Insights and Healing with Patrick Moore

massage for ironing – a prose poem
November 6, 2014, 12:32 pm
Filed under: Uncategorized

This morning I noticed my wife had left the ironing board where we usually set up the massage table.

The table height is about the same, to bring your work up to a height between your navel and your breastbone. Why? To activate your chakras there? About the height of kitchen counters. Women’s work. Menial chores meaning untrained but not meaning unimportant. Untrained meaning you don’t get this training in college. Your grandmother teaches you how to iron, your mother teaches you how to prepare food on the counter and stove. If you go to any training for this, you can’t earn a degree in it. It is not an important degree. It is not important training. These are not important skills. They are skills for people who can’t rise to the more important trainings, degrees, skills. Who would choose cooking, ironing or massage, if they were capable of better? Well, certainly nobody from our parents’ generation… because they argued, they opposed us. Why lower yourself? You want to make beds for a career? Smooth out the wrinkles? Smooth out the wrinkles in their muscles? But honey, you can do better!

The motions are similar. A two-handed stroke, side to side. The do-er’s brain has a similar experience—first sensing where the wrinkles are. Finding them is something you have to learn. Not anyone can run their “tool” over the material and immediately find where it is kinked or folded over upon itself. And once found, then, then you (insert magic here), and then the wrinkle is no longer there.

Grammy does this so easily, she makes it look like there is nothing to it. Perhaps this illusion is why Papa thought (while he was alive) ironing is unskilled, menial. Not like being a machinist. Though he had never tried it, he looked over, after a greasy day of micrometers and drill presses, and deduced that it would take hardly a minute to get it. Ironing was below him. But now that he’s gone, and its just me and her, … why is it not coming so easily? It looks so easy when she does it. But my hands don’t get what she is telling me. I can see her doing it right there, a foot from me, steam from the hot surface multiplying her grammy-scent, and yet no matter how close we are, … How many lessons will I need?

She seems to be under the same illusion. It has become so easy to her, and sixty years since she learned it (between the wars) that she no longer remembers there was a time before she knew it. She also believes it is easy, that anyone could do it, that anyone could learn it in a minute.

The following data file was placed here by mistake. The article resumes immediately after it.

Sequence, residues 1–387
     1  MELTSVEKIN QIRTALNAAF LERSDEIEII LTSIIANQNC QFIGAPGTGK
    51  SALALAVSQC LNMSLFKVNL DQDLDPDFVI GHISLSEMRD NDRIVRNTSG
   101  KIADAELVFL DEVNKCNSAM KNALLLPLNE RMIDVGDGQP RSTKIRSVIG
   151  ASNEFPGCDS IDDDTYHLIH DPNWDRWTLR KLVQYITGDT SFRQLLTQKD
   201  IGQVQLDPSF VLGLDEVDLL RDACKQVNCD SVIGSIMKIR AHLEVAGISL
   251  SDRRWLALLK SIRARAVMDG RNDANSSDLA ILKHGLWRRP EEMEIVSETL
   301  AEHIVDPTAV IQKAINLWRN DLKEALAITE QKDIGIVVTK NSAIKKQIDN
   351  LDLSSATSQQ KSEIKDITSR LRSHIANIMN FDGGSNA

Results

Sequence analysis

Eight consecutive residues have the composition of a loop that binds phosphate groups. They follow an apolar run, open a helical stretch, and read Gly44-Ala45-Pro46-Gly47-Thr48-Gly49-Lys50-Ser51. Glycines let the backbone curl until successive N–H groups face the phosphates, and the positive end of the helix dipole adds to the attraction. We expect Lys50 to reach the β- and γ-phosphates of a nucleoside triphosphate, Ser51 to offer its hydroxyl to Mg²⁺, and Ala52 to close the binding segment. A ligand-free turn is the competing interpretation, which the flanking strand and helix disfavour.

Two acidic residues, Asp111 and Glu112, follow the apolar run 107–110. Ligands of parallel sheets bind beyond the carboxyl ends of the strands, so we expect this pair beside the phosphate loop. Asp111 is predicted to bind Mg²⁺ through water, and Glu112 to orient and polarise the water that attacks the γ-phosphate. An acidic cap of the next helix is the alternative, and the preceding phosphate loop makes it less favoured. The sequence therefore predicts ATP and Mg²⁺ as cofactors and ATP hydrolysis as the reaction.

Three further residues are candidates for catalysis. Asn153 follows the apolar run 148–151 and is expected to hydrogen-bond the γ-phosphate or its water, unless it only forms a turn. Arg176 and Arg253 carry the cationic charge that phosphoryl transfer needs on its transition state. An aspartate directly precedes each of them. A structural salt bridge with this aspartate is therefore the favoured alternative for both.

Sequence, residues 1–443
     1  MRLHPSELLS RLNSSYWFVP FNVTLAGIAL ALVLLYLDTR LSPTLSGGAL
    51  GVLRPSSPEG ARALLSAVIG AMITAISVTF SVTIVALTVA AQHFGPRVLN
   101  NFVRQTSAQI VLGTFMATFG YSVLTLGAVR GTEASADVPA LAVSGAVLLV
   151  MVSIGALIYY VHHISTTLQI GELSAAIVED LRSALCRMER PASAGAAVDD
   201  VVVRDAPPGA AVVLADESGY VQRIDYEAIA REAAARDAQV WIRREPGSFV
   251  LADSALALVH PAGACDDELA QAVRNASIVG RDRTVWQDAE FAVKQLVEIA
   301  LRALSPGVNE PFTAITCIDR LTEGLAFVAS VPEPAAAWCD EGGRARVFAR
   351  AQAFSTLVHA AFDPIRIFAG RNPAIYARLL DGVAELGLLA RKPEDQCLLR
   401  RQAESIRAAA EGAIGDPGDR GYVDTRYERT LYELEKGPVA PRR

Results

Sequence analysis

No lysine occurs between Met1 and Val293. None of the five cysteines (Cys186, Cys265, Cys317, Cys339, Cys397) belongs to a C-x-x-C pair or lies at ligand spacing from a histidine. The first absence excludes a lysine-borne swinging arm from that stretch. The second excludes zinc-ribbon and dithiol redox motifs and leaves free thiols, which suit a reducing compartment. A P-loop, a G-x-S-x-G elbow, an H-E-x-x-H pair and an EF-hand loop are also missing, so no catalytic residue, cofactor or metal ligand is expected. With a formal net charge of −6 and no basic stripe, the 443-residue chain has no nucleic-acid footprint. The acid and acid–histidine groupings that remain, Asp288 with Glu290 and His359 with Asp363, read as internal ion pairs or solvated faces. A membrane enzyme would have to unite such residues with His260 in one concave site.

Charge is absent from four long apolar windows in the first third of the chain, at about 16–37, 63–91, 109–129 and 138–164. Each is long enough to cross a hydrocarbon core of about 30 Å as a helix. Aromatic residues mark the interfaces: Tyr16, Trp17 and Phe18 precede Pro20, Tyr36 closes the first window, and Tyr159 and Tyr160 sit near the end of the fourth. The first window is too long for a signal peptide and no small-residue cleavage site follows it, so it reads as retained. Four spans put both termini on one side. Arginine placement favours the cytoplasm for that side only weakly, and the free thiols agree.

Steam from her nostrils. A dribble of saliva. Though she contains it I can see she is exasperated that I have not yet gained the skill. (Now that she’s gone I look back and think, this delay in my getting it, the need for several lessons and still falling far short, is a compliment to her. This skill is far more complex than any of us knew. It requires sensitivity and discernment and that third thing. She does not realize the depth of her own skill and the complexity of her own process. This is why she grows impatient with me. Her frustration, only now, proves how much more she is, than anyone had given her credit for, even herself. This could have been a good thing.) But we simply stop talking about it. Our unsaid words seem to say, she will continue to do the ironing. Her downcast eyes say she is disappointed in me.

I offer a consolation. If you iron my shirts, I will provide your massages. To my surprise she agrees immediately. Perhaps it required our coming to this frustration. Before this bargain her puzzle was, how someone smart like me, who went to school for a year and got a license, would barter that skill with someone simple like her, doing the most menial of tasks. But her puzzle got some traction, when we both saw I can’t iron. Three lessons and still no. Only in this moment would she accept the barter, that in the first decade she will say has kept her walking, and in the second decade of our barter she will say has kept her alive.